Staff Publications

Staff Publications

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    'Staff publications' is the digital repository of Wageningen University & Research

    'Staff publications' contains references to publications authored by Wageningen University staff from 1976 onward.

    Publications authored by the staff of the Research Institutes are available from 1995 onwards.

    Full text documents are added when available. The database is updated daily and currently holds about 240,000 items, of which 72,000 in open access.

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Record number 411214
Title A fitness assay for comparing RNAi effects across multiple C. elegans genotypes
Author(s) Elvin, M.; Snoek, L.B.; Frejno, M.; Klemstein, U.; Kammenga, J.E.; Poulin, G.
Source BMC Genomics 12 (2011). - ISSN 1471-2164 - 14 p.
Department(s) Laboratory of Nematology
Publication type Refereed Article in a scientific journal
Publication year 2011
Keyword(s) life-history traits - caenorhabditis-elegans - gene - interference - rde-1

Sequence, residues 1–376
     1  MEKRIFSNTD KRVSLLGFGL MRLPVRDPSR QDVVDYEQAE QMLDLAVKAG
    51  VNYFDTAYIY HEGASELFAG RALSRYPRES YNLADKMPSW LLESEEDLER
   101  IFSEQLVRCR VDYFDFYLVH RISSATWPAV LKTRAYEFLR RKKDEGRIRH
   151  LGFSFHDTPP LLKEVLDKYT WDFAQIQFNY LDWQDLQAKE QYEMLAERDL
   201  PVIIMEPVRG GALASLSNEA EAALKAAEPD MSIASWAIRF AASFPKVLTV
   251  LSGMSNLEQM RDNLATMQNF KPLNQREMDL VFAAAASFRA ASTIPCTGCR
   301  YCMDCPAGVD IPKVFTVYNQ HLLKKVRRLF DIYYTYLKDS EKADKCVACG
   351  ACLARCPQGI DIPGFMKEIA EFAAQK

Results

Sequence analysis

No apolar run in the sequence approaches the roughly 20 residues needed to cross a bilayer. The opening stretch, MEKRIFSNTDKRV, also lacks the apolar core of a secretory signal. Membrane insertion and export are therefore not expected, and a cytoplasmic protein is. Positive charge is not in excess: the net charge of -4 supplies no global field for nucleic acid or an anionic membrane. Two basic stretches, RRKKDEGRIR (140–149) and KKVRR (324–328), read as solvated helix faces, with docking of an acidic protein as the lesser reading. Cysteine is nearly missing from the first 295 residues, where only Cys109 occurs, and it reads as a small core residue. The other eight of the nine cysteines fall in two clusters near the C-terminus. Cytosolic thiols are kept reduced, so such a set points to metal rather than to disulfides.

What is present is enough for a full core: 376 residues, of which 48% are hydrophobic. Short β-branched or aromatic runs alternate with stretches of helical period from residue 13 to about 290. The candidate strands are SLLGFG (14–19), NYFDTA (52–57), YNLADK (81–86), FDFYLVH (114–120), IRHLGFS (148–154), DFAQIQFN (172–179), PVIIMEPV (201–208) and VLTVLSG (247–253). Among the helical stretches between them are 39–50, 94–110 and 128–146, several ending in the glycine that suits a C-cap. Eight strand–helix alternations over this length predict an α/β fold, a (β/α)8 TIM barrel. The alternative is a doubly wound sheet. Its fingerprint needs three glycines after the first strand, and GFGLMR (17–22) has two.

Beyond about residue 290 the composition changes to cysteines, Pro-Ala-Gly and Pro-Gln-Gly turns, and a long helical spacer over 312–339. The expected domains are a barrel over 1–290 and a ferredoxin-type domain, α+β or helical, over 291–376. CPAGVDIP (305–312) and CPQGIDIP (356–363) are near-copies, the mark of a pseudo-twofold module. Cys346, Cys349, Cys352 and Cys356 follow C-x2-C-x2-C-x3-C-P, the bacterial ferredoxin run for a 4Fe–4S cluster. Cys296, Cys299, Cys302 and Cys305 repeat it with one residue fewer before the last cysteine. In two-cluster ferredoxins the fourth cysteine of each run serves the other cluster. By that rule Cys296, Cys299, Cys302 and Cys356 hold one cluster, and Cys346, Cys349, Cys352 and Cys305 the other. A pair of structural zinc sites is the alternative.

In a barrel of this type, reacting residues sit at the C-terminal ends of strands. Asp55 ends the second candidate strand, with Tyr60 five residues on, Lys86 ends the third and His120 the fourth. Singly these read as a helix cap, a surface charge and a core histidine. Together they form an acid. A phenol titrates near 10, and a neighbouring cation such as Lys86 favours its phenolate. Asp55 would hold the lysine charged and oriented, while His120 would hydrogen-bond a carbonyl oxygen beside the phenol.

Abstract Background - RNAi technology by feeding of E. coli containing dsRNA in C. elegans has significantly contributed to further our understanding of many different fields, including genetics, molecular biology, developmental biology and functional genomics. Most of this research has been carried out in a single genotype or genetic background. However, RNAi effects in one genotype do not reveal the allelic effects that segregate in natural populations and contribute to phenotypic variation. Results - Here we present a method that allows for rapidly comparing RNAi effects among diverse genotypes at an improved high throughput rate. It is based on assessing the fitness of a population of worms by measuring the rate at which E. coli is consumed. Critically, we demonstrate the analytical power of this method by QTL mapping the loss of RNAi sensitivity (in the germline) in a recombinant inbred population derived from a cross between Bristol and a natural isolate from Hawaii. Hawaii has lost RNAi sensitivity in the germline. We found that polymorphisms in ppw-1 contribute to this loss of RNAi sensitivity, but that other loci are also likely to be important. Conclusions - In summary, we have established a fast method that improves the throughput of RNAi in liquid, that generates quantitative data, that is easy to implement in most laboratories, and importantly that enables QTL mapping using RNAi.
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